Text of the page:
Britain on the brink of car crisis as cost of new and used engines and interest on loans soar

Soaring prices for new and used engines, factory delays and rising interest rates on loans are pushing the country to the brink of an auto crisis.

Now experts fear that many are falling behind in loan repayments due to the cost of living squeeze.


Amber Leach says a shortage of options made it difficult to get a good deal on her car rentalCredit: provided

Used car prices have risen for 29 consecutive months, and they now cost an average of 30% more than before the pandemic.

A used Peugeot 107, for example, now costs an average of £3,652, up from £2,550 a year ago, according to Auto Trader.

Meanwhile, new car prices have risen 26% as manufacturing delays lead to long waiting lists.

There’s a wait of 41 weeks for a new VW Golf or 36 weeks for a Nissan Micra, reports

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Rising interest rates further drive up costs for buyers who depend on financing.

Adrian Dally of the Finance & Leasing Association says: “There is a cost of living crisis and ultimately there will be people who will struggle.


Buyers are already taking out larger loans to secure the vehicles they need.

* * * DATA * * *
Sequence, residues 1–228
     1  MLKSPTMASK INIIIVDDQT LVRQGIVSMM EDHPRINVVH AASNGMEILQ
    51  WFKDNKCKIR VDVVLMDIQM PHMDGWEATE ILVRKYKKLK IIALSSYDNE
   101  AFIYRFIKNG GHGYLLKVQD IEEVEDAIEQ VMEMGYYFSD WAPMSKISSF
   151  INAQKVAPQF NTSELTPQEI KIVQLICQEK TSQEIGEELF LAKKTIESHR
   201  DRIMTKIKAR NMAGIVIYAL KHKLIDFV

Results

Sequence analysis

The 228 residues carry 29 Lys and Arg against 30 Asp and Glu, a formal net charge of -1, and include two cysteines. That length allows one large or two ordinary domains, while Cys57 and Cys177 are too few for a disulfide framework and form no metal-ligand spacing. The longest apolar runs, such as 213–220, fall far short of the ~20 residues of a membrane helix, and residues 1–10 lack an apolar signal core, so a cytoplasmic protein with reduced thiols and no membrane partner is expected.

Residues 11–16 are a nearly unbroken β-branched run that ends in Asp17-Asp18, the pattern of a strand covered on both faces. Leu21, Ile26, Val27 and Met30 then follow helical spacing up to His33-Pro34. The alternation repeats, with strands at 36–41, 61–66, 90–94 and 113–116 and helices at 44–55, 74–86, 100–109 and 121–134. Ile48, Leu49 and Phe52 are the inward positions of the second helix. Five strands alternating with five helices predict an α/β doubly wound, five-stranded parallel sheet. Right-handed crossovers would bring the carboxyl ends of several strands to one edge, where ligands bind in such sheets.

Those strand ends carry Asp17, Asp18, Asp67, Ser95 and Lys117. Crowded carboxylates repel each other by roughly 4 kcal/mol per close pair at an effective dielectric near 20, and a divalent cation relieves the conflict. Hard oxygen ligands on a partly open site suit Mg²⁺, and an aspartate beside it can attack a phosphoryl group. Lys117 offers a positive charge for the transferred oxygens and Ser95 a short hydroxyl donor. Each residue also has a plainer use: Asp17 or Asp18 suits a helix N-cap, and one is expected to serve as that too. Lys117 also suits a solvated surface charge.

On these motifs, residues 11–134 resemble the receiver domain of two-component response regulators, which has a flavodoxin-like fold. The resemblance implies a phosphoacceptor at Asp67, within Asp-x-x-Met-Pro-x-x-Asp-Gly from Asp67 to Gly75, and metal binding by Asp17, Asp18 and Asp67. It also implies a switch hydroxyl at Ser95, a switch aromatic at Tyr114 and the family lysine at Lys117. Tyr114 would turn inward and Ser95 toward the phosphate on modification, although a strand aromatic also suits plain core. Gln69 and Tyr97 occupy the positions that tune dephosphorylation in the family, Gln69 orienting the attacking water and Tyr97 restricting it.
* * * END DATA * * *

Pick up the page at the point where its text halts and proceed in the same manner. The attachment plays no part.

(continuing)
The average loan for a used car has risen from £7,500 two years ago to £8,700 today.

Lucy Sherliker, of lender Zuto, says: “Clients are borrowing an average of £1,200 more than two years ago.”

She added that many people are opting for used cars rather than waiting for new ones, driving up prices and increasing the amount of money borrowed.

Interest rates on auto loans have already started to climb, so new borrowers are having to pay more, and Adrian Dally says that’s likely to continue.


Nine in ten new cars in the UK are bought on finance, while more than four in ten used car buyers take out loans.

This means many drivers have ongoing monthly costs, and debt counselor Sara Williams, founder of the Debt Camel assistance website, says many find the payments “difficult to manage”.

One option, she says, is to return the car – known as “voluntary termination”.

But even if you do, you may still owe money if you’ve repaid less than half of the loan.

And if you miss any refunds, your car can be repossessed.

Sara suggests talking to a debt counselor if you’re having trouble, especially if you depend on your car for work, mobility, or family responsibilities.